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FDG-PET’s ability to monitor and foresee tumor treatment response and long-term outcomes will be put to the test in a new national study run by the American College of Radiology Imaging Network.
FDG-PET's ability to monitor and foresee tumor treatment response and long-term outcomes will be put to the test in a new national study run by the American College of Radiology Imaging Network.
Researchers opted to assess techniques in patients with advanced non-small cell lung cancer, because this is a common disease with a poor prognosis. Dr. Wolfgang Weber, an associate professor of molecular and medical pharmacology at the University of California, Los Angeles David Geffin School of Medicine, is lead investigator.
The trial is aimed at determining whether FDG uptake might be used as an early biomarker in the course of therapy to gauge if treatment is effective and should continue, potentially saving these patients from needless therapy. With a condition such as NSCLC, follow-up periods are shorter and it is easier to correlate metabolic changes in the course of chemotherapy with survival rates.
Currently, therapy effectiveness is evaluated mainly by measuring tumor size using a CT scan and classifying tumor shrinkage according to standard criteria. Tumor response rates evaluated in this manner, however, do not correlate well with patient survival.
In addition to determining whether FDG-PET helps assess treatment response, the trial results may have important implications for drug development. If PET is able to assess treatment response at earlier stages, it will be possible to assess new drugs more quickly. Clinical trials could therefore be shortened.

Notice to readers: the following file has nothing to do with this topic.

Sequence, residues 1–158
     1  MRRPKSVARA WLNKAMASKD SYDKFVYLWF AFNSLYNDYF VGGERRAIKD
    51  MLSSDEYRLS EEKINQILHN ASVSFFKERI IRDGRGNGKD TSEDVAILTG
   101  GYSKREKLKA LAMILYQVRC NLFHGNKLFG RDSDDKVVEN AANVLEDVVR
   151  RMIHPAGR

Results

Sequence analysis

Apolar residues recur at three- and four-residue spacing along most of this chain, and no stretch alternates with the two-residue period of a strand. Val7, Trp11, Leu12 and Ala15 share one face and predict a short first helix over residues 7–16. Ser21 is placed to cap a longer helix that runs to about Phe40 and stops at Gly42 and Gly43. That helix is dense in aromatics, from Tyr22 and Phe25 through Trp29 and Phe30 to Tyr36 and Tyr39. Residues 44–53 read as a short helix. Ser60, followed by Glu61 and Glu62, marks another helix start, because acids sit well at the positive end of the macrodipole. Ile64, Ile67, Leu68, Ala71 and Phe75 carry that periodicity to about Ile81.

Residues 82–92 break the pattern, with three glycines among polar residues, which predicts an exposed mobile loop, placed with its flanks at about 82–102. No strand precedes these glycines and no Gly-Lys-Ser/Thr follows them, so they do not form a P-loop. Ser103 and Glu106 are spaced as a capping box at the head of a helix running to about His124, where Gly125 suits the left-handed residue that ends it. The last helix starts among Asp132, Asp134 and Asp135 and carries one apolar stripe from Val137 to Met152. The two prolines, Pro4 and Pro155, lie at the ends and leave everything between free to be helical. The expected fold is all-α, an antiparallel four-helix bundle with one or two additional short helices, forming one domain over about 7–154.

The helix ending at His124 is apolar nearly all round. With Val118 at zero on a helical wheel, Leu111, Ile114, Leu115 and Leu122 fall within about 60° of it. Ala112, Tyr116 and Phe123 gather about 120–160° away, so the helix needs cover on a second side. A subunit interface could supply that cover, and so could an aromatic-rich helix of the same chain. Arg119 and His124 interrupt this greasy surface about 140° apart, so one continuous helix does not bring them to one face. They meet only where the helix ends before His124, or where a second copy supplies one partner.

The PET study is the first clinical trial funded by the public-private partnership Biomarker Consortium, which includes the Pharmaceutical Research and Manufacturers of America, National Institutes of Health, FDA, Centers for Medicare and Medicaid Services, patient advocacy groups, and the philanthropic community. The consortium already has $1.1 million in funding and is dedicated to promoting development of biomarkers for a range of clinical purposes.
"The core challenge is to move medicine from a curative model of today to a preemptive era when we can identify and track a disease process as early as possible. The identification of biomarkers is an essential element for the new era of predictive, preemptive personalized medicine," said NIH director Dr. Elias A. Zerhouni.
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